This paper introduces a second-generation balloon-borne hard X-ray polarimetry mission, XL-Calibur. X-ray polarimetry promises to give qualitatively new information about high-energy astrophysical sources, such as pulsars and binary black hole systems. The XL-Calibur contains a grazing incidence X-ray telescope with a focal plane detector unit that is sensitive to linear polarization. The telescope is very similar in design to the ASTRO-H HXT telescopes that has the world’s largest effective area above ~10 keV. The detector unit combines a low atomic number Compton scatterer with a CdZnTe detector assembly to measure the polarization making use of the fact that polarized photons Compton scatter preferentially perpendicular to the electric field orientation. It also contains a CdZnTe imager at the bottom. The detector assembly is surrounded by the improved anti-coincidence shielding, giving a better sensitivity. The pointing system with arcsecond accuracy will be achieved.
XL-Calibur is a balloon-borne hard X-ray polarimetry mission, the first flight of which is currently foreseen for 2021. XL-Calibur carries an X-ray telescope consists of consists of 213 Wolter I grazing-incidence mirrors which are nested in a coaxial and cofocal configuration. The optics design is nearly identical to the Hard X-ray Telescope (HXT) on board the ASTRO-H satellite. The telescope was originally fabricated for the Formation Flying Astronomical Survey Telescope (FFAST) project. However, the telescope can be used for XL-Calibur, since the FFAST project was terminated before completion. The mirror surfaces are coated with Pt/C depth-graded multilayers to reflect hard X-rays above 10 keV by Bragg reflection. The effective area of the telescope is larger than 300 cm^2 at 30 keV. The mirrors are supported by alignment bars in the housing, and each of the bars has a series of 213 grooves to hold the mirrors. To obtain the best focus of the optics, the positions of the mirrors have to be adjusted by tuning the positions of the alignment bars. The tuning of the mirror positions is conducted using the X-ray beam at the synchrotron facility SPring-8 BL20B2, and this process is called optical tuning. First the positions of the second reflectors are tuned, and then those of the first reflectors are tuned. We did the first optical tuning in Jan 2020. The second tuning will be planned between April to July, 2020. This paper reports the current status of the hard X-ray telescope for XL-Calibur.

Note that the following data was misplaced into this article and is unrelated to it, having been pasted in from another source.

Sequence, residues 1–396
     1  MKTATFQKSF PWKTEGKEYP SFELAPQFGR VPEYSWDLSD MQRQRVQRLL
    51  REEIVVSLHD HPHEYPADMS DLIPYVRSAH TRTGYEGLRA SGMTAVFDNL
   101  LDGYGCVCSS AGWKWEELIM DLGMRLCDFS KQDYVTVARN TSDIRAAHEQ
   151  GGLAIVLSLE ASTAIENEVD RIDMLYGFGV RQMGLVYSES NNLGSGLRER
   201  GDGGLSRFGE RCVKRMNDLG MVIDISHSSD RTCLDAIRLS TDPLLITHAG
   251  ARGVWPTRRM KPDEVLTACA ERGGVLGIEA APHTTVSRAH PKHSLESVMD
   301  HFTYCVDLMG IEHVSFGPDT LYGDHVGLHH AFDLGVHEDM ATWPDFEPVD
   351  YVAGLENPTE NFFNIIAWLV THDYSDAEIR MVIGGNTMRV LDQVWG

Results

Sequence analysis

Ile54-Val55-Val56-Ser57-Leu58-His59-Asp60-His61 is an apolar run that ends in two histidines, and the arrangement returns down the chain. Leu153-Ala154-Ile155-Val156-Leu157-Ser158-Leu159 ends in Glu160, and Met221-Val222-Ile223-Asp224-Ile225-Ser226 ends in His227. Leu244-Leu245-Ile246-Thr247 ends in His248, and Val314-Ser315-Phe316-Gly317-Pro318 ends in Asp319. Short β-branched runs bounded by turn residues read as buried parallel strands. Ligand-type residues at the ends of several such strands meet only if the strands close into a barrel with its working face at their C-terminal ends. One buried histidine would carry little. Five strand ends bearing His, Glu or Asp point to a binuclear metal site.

X-ray polarimetry promises exciting insights into the physics of compact astrophysical objects by providing two observables: the polarization fraction and angle as function of energy. X-Calibur is a balloon-borne hard x-ray scattering polarimeter for the 15- to 60-keV energy range. After the successful test flight in September 2016, the instrument is now being prepared for a long-duration balloon (LDB) flight in December 2018 through January 2019. During the LDB flight, X-Calibur will make detailed measurements of the polarization of Vela X-1 and constrain the polarization of a sample of between 4 and 9 additional sources. We describe the upgraded polarimeter design, including the use of a beryllium scattering element, lower-noise front-end electronics, and an improved fully active CsI(Na) anticoincidence shield, which will significantly increase the instrument sensitivity. We present estimates of the improved polarimeter performance based on simulations and laboratory measurements. We present some of the results from the 2016 flight and show that we solved several problems, which led to a reduced sensitivity during the 2016 flight. We end with a description of the planned Vela X-1 observations, including a Swift/BAT-guided observation strategy.